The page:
‘Serious mistakes’ made by BC prison officials during four years of water leak: report

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The federal public sector integrity commissioner says the Correctional Service of Canada committed “serious mismanagement” when it took almost four years to repair pipes at a British Columbia prison that were leaking chemically treated water into the ground.

Harriet Solloway says millions of liters of water from the building’s heating system leaked into the ground surrounding the Matsqui Institution in Abbotsford, which sits atop three aquifers, including one that flows into a salmon stream.

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“Upon reviewing the evidence, it is clear that CSC management failed to take appropriate and timely corrective action, demonstrating serious errors that impact safety and potentially harm the environment, which does not reflect responsible stewardship of CSC funds and assets. government,” Solloway concluded in his report issued this week.

The main objective of the central water system is to supply hot water for domestic use and to heat the three institutions that are part of the Matsqui complex, which houses more than 1,000 inmates.

Solloway’s report says an engineer first noticed problems with the system, which requires the addition of anti-corrosion chemicals to boiling water, in August 2017 and warned officials about “a substantial leak.”

They were told the best way to repair the leak is to excavate the system, which is approximately 1.5 meters underground.

Excavation of the area began the following month, but had to stop due to frozen ground in winter.

Almost a year later, in July 2018, the engineer sent an email to management noting that “this leak needs to be addressed” and that by the end of the month, approximately 1.1 million liters of chemically treated hot water would have leaked into the floor. .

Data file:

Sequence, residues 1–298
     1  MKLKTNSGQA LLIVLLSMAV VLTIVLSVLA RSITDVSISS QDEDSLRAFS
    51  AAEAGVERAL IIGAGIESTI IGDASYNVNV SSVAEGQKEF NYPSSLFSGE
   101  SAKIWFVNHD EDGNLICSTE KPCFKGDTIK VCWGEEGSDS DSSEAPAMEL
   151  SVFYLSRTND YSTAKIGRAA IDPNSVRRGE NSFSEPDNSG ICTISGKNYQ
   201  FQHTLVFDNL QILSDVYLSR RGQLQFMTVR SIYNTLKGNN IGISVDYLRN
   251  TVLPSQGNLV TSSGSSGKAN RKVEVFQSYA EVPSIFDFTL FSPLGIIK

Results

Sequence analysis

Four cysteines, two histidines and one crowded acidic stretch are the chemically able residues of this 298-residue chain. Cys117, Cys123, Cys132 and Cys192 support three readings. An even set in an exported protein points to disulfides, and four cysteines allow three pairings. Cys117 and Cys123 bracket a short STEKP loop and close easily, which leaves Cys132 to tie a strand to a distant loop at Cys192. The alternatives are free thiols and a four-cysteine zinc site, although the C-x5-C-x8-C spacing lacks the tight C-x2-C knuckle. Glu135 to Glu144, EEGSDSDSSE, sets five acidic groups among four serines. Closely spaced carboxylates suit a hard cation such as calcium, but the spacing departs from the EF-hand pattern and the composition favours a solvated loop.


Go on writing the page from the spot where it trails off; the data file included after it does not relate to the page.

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Solloway’s report says the department tried unsuccessfully in 2018 to locate the leak using a procedure involving high water pressure and a vacuum cleaner to remove dirt.

“The engineer continued to raise the alarm throughout 2020 and 2021, but was ignored,” the report says.

Solloway says management did not believe the leak was getting worse, despite its lack of engineering experience, with some managers suggesting the monitoring equipment was not “scientific enough.”

“These claims were made by managers who did not possess the engineering expertise to make such determinations,” the report says.

The report says cost and the possibility of the system being replaced may be two reasons for inaction.

“Finally, on April 29, 2021, excavation of the entire pipeline system was carried out, almost four years after an engineer’s recommendation. As a result, several leaks were eventually found. At that time, according to CSC engineers, millions of liters of chemically treated hot water had leaked into the ground,” the report said.

Solloway made four recommendations in his report, including that the department establish an “action plan” for critical infrastructure risks and failures, that maintenance plans be up to date and that there be an environmental impact assessment.

In a response included with the report, the Correctional Service of Canada says it disagrees with wrongdoing and notes that a 2022 independent report found there was no contamination from “highly diluted rust inhibitors” leaking from the prisons. pipelines.

It says the 2020 and 2021 reports “considered the risks to be negligible.”

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